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I have the Sign Bit, Exponent and Mantissa (as shown in the code below). I'm trying to take this value and turn it into the float. The goal of this is to get 59.98 (it'll read as 59.9799995)

uint32_t FullBinaryValue = (Converted[0] << 24) | (Converted[1] << 16) |
                            (Converted[2] << 8) | (Converted[3]);

unsigned int sign_bit = (FullBinaryValue & 0x80000000);
unsigned int exponent = (FullBinaryValue & 0x7F800000) >> 23;
unsigned int mantissa = (FullBinaryValue & 0x7FFFFF);

What I originally tried doing is just placing them bit by bit, where they should be as so:

float number = (sign_bit << 32) | (exponent << 24) | (mantissa);

But this gives me 2.22192742e+009.

I was then going to use the formula: 1.mantissa + 2^(exponent-127) but you can't put a decimal place in a binary number.

Then I tried grabbing each individual value for (exponent, characteristic, post mantissa) and I got

Characteristic: 0x3B (Decimal: 59)
Mantissa: 0x6FEB85 (Decimal: 7334789)
Exponent: 0x5 (Decimal: 5) This is after subtracting it from 127

I was then going to take these numbers and just retrofit it into a printf. But I don't know how to convert the Mantissa hexadecimal into how it's supposed to be (powered to a negative exponent).

Any ideas on how to convert these three variables (sign bit, exponent, and mantissa) into a floating number?

EDIT FOR PAUL R Here is the code in Minimal, Complete and Verifable format. I added the uint8_t Converted[4] there just because it is the value I end up with and it makes it runnable.

#include <stdio.h>
#include <stdint.h>
#include <stdlib.h>
#include <string.h>
#include <unistd.h>

int main(int argc, char *argv[])
{
    uint8_t Converted[4];
    Converted[0] = 0x42;
    Converted[1] = 0x6f;
    Converted[2] = 0xEB;
    Converted[3] = 0x85;

    uint32_t FullBinaryValue = (Converted[0] << 24) | (Converted[1] << 16) |
                                (Converted[2] << 8) | (Converted[3]);

    unsigned int sign_bit = (FullBinaryValue & 0x80000000);
    unsigned int exponent = (FullBinaryValue & 0x7F800000) >> 23;
    unsigned int mantissa = (FullBinaryValue & 0x7FFFFF);

    float number = (sign_bit) | (exponent << 23) | (mantissa);

    return 0;
}
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  • 1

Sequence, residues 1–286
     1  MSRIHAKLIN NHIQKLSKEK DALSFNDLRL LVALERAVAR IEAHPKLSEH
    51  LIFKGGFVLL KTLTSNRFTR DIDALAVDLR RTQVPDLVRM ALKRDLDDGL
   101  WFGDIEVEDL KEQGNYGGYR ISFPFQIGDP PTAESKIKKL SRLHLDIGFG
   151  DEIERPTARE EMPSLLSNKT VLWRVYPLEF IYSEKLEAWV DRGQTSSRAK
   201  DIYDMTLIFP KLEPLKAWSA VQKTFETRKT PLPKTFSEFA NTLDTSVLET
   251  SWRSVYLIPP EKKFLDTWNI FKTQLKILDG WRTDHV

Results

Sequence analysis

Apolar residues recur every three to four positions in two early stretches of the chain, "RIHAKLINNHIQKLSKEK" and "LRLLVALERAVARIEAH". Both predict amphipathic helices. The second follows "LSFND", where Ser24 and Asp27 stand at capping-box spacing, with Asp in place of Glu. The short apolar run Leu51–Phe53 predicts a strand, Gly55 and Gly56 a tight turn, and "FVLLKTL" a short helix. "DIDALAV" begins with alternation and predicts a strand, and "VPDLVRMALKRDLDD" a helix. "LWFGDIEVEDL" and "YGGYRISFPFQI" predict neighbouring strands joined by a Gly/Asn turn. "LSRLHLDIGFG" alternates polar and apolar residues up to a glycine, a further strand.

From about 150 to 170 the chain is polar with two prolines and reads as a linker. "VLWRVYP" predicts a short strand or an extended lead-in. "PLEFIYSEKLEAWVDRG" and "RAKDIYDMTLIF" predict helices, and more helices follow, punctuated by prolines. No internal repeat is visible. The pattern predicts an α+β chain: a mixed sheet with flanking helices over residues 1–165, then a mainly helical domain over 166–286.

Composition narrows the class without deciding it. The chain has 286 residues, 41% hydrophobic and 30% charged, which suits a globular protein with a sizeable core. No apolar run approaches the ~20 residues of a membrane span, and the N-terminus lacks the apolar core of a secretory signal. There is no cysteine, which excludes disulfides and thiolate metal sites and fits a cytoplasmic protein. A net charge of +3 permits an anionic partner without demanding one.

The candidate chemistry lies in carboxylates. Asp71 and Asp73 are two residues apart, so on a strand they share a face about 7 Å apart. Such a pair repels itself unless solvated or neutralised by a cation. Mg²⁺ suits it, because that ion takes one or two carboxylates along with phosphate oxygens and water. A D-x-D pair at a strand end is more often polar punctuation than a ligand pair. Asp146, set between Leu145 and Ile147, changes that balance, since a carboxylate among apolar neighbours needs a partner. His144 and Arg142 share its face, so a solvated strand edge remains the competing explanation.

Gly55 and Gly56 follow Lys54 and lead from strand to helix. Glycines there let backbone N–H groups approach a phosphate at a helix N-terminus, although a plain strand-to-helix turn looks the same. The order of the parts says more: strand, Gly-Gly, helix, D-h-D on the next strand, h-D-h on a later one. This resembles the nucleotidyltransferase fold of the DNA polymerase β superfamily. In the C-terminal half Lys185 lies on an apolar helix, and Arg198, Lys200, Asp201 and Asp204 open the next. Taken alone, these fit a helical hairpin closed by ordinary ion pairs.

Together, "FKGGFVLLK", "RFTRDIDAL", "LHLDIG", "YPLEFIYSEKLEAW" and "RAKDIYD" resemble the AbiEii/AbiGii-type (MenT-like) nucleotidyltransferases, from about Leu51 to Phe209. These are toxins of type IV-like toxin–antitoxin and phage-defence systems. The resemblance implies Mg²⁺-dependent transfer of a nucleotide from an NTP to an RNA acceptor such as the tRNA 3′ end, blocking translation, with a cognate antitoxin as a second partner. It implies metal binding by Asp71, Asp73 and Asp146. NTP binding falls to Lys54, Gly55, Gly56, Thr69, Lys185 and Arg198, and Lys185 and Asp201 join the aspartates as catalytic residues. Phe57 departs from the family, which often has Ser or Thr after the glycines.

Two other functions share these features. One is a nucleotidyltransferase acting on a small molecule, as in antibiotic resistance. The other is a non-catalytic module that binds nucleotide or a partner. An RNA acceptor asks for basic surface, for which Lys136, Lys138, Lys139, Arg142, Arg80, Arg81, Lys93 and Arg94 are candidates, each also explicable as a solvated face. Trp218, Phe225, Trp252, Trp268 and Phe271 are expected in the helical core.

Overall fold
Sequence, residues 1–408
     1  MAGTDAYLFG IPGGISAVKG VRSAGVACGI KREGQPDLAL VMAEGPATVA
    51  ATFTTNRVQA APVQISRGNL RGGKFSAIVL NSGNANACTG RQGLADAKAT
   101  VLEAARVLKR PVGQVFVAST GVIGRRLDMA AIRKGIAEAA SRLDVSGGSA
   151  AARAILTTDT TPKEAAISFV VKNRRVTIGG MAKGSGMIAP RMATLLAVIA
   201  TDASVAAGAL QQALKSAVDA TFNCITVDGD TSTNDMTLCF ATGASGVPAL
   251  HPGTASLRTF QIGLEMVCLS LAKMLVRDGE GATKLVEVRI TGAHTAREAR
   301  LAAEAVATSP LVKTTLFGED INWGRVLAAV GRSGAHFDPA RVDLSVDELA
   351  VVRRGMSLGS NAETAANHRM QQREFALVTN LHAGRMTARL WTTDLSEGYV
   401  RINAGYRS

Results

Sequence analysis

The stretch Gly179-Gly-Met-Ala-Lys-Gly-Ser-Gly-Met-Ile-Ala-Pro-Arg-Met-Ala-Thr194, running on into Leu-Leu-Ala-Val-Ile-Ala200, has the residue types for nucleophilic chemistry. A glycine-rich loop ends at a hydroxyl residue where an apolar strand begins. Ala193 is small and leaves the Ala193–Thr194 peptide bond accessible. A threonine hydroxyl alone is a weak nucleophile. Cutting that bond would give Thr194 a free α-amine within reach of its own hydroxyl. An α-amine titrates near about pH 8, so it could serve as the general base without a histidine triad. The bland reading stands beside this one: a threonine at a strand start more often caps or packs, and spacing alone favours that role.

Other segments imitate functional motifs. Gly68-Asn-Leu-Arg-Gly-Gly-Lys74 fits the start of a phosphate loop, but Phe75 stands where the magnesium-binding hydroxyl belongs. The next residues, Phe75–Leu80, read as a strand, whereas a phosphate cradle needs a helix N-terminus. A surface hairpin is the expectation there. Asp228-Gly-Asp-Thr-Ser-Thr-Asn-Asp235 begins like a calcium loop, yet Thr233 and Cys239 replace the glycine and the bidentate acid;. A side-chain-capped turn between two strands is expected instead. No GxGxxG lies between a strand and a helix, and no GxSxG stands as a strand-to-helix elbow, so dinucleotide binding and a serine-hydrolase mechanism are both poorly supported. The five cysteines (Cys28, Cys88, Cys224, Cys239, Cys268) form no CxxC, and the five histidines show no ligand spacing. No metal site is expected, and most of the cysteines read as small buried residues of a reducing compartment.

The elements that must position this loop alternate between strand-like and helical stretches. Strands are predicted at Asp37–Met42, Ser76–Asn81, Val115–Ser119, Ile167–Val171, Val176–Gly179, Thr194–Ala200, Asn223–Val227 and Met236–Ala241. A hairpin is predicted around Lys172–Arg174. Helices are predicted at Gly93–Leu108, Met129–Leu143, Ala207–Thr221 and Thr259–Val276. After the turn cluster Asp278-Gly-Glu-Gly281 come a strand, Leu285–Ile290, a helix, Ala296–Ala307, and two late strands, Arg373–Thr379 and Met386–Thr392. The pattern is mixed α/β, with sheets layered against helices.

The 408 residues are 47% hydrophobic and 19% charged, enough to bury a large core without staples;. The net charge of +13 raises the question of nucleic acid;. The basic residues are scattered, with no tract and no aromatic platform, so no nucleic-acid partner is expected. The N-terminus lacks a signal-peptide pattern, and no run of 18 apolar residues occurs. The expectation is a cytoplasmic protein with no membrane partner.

Your shifts are off by one - try: uint32_t number = (sign_bit << 31) | (exponent << 23) | (mantissa); and then use a union or whatever to convert this to a float.
    – Paul R
    Aug 4 '17 at 17:49
  • 1
    If you are going to assume that double is implemented according to IEEE 754, it may be a good idea to verify your supposition with std::numeric_limits<double>::is_iec559. Aug 4 '17 at 17:51
  • @PaulR thanks for the quick reply. When I do that, I get 1.11463104e+009 when it should be 59.9799995
    – Rayaarito
    Aug 4 '17 at 17:51
  • I just realised your sign bit was not right-justified, like the exponent, so it would just be: uint32_t number = (sign_bit) | (exponent << 23) | (mantissa);. If that still doesn't work then post a minimal reproducible example with the latest version of your code.
    – Paul R
    Aug 4 '17 at 17:53
  • FrançoisAndrieux figured it out. Thank you for your effort @PaulR. I appreciate it
    – Rayaarito
    Aug 4 '17 at 18:08
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The problem is that the expression float number = (sign_bit << 32) | (exponent << 24) | (mantissa); first computes an unsigned int and then casts that value to float. Casting between fundamental types will preserve the value rather than the memory representation. What you are trying to do is reinterpret the memory representation as a different type. You can use reinterpret_cast.

Try this instead :

uint32_t FullBinaryValue = (Converted[0] << 24) | (Converted[1] << 16) |
                           (Converted[2] << 8) | (Converted[3]);


float number = reinterpret_cast<float&>(FullBinaryValue);
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    @Dave reinterpret_cast is used to interpret memory as a specific type, regardless of what the type system may have to say about it. As such, it can only meaningfully produce pointers and references. It doesn't cast values, it produces memory locations as if it was the given type. reinterpret_cast<float&> will take a reference to whatever you pass to it and pretend it's a reference to a float (thus the &). You could also to reinterpret_cast<float*>(&FullBinaryValue);. But you cannot use it to directly convert between value types, like reinterpret_cast<float>(FullBinaryValue);. Aug 4 '17 at 18:13
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    @pm100 It's important for this question to distinguish between (float)FullBinaryValue and *((float*)&FullBinaryValue). This solution is closer to the latter. Aug 4 '17 at 18:15
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    Does this break strict aliasing?
    – Passer By
    Aug 4 '17 at 18:19
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    @Dave See my earlier reply to pm100. It's equivalent to casting the pointer to (float*) and reading that pointer's value. Aug 4 '17 at 18:21
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    @PasserBy This answer unfortunately breaks type aliasing rules. However, implementations are allowed to relax strict aliasing rules. Additionally, floating point types memory layout is implementation defined, so it's impossible to do this in a fully portable way. You can check with your implementation rather or not this conversion is possible. A less elegant but perhaps more portable alternative may be to memcpy from a uint32_t* to a float* provided the sizes are the same. I believe it would then be implementation defined (depending on that implementation's float layout). Aug 4 '17 at 18:29

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